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Anglo-Saxon cemetery 275m north of Comps Farm

A Scheduled Monument in Beddingham, East Sussex

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Coordinates

Latitude: 50.8546 / 50°51'16"N

Longitude: 0.0657 / 0°3'56"E

OS Eastings: 545492.216153

OS Northings: 108156.28228

OS Grid: TQ454081

Mapcode National: GBR LRN.CDW

Mapcode Global: FRA C60V.5DQ

Entry Name: Anglo-Saxon cemetery 275m north of Comps Farm

Scheduled Date: 25 November 2008

Source: Historic England

Source ID: 1021436

English Heritage Legacy ID: 28891

County: East Sussex

Civil Parish: Beddingham

Traditional County: Sussex

Lieutenancy Area (Ceremonial County): East Sussex

Church of England Parish: Beddingham St Andrew

Church of England Diocese: Chichester

Details

The monument includes an Anglo-Saxon cemetery defined by a group of three
Anglo-Saxon burials and the indication, from resistivity and magnetometer
survey, of further burials in scattered groups to the north and south of
these. The burials lie on the top of an oval-shaped low hill overlooking
Glynde and Glynde Reach, a tributary of the River Ouse, to the north.
The cemetery runs in a north-south direction for some 60m and comprises small
groups of burials. At the centre of this alignment three graves have been
excavated. One grave, aligned northwest-southeast, contained a single
inhumation thought to be female accompanied by a number of objects including
a metal alloy bowl or bucket, two saucer brooches, two silver girdle
ornaments and an amber object. A second grave, aligned approximately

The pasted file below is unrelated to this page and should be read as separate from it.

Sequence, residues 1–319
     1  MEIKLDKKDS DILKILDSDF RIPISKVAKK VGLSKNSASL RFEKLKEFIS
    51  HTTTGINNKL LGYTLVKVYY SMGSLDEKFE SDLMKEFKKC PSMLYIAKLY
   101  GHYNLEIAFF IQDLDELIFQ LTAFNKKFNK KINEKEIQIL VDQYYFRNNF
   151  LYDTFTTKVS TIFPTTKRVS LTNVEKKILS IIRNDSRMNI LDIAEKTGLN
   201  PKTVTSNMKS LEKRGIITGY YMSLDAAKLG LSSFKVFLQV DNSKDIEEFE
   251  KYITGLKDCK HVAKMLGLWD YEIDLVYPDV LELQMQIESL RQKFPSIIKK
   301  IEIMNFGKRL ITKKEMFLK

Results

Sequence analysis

north-south contained a single inhumation, thought to be male, accompanied by
objects which included a shield boss, spear, knife and buckle. Both graves
lay under 0.28m of topsoil and were cut 0.3m into natural chalk. Indications
from the grave goods showed that the burials can be dated to the mid-C5 to
mid-C6 AD. The third grave contained an inhumation aligned east-west which
had been disturbed by the insertion of at least one and possibly two later
cremation burials. The disturbed fill of this grave contained objects
including a saucer brooch and knife. The excavations of the graves were
carried out by the County Archaeologist and his staff who observed more
graves in the baulks of the trenches.
The site, found by metal detector, was not previously recorded, and did not
occur on the East Sussex County Council Historic Environment Record (HER).
Three other sites are recorded in the vicinity of the cemetery: Beddingham
Roman Villa about 1km to the southeast; an Anglo-Saxon cemetery 0.86 km to
the south; and a second Anglo-Saxon cemetery 0.5km to the northeast. None of
these sites are scheduled. The nearest scheduled monument is Mount Caburn
Iron Age hillfort 1.25km to the north west (SM 27029).

MAP EXTRACT
The site of the monument is shown on the attached map extract.
It includes a 5 metre boundary around the archaeological features,
considered to be essential for the monument's support and preservation.

Source: Historic England

Reasons for Scheduling

Beginning in the fifth century AD, there is evidence from distinctive burials
and cemeteries, new settlements, and new forms of pottery and metalwork, of